- Bill Gates wants to create the perfect cow.
- This cow would produce as much milk as a European cow but withstand heat as well as an African one.
- He has invested $40 million into a British nonprofit that researches animal vaccinations and genetics.
Bill Gates is funding genetic research into how to create the perfect cow
This cow would produce as much milk as a European cow but withstand heat as well as an African one.
Bill Gates has funded genetic research into how to create the perfect cow — one that will produce more milk and be able to withstand temperatures beyond that of the average cow.
The Microsoft founder has invested $40 million (£28 million) in the Global Alliance for Livestock Veterinary Medicines, or GALVmed, a nonprofit organization based in Edinburgh, Scotland, that conducts research into livestock vaccinations and genetics, the BBC reported.
Gates wants to help create the perfect cow that will produce as much milk as a European cow but be able to withstand heat as well as an African cow, according to the Times newspaper.
He said: "The impact per dollar we spend is super-high in this area. You can have a cow that is four times as productive with the same survivability."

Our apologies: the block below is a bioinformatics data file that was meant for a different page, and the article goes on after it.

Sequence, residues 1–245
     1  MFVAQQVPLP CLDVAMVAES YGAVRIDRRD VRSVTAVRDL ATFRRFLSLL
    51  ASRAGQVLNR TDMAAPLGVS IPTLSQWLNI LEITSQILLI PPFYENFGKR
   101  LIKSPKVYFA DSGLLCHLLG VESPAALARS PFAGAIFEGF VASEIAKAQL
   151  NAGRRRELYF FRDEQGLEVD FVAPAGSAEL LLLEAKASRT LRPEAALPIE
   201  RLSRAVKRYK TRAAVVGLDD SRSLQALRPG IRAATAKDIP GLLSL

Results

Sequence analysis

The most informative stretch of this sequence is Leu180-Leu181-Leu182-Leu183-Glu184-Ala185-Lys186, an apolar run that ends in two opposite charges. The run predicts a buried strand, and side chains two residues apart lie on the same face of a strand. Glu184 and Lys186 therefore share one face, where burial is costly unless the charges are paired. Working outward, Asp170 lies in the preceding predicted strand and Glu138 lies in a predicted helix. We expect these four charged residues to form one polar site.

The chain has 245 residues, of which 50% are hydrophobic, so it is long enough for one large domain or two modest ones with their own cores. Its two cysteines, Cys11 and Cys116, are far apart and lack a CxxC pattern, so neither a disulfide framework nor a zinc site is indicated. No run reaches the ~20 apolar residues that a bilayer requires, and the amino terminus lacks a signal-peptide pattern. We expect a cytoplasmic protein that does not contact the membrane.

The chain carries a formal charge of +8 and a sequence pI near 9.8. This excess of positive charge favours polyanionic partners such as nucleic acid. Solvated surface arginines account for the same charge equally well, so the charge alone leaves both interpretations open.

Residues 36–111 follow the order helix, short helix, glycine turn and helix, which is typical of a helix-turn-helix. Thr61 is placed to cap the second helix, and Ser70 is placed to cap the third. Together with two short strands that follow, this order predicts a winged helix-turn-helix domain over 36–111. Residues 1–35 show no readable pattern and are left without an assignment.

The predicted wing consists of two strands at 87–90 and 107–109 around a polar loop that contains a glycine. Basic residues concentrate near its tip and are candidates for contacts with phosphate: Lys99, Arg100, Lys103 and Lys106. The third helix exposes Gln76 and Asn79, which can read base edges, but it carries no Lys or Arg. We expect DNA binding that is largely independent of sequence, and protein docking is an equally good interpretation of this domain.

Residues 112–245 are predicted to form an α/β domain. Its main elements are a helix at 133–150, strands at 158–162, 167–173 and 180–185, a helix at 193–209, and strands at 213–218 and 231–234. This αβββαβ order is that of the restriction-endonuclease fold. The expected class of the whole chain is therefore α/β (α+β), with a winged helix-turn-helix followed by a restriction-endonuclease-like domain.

Though it's unclear how exactly such cows will be created, Gates has previously proposed creating cows via artificial insemination.
His endowment, made through his philanthropic organization the Bill and Melinda Gates Foundation, forms part of a larger investment that includes cash from the UK's Department for International Development.
Gates is expected to deliver a speech in Edinburgh alongside UK International Development Secretary Penny Mordaunt later Friday.
He told the BBC ahead of his visit of his excitement "to see how the UK's leadership in research and innovation doesn't just benefit Britain, but also saves and improves lives in the poorest parts of the world."
Though climate scientists have warned that cows and dairy products can lead to further environmental degradation, Gates says they can help mitigate global poverty and starvation.
He said in a blog post last July: "While there are legitimate questions about whether the world can meet its appetite for animal products without destroying the environment, it's a fact that many poor people rely on cattle for both nutrition and income."
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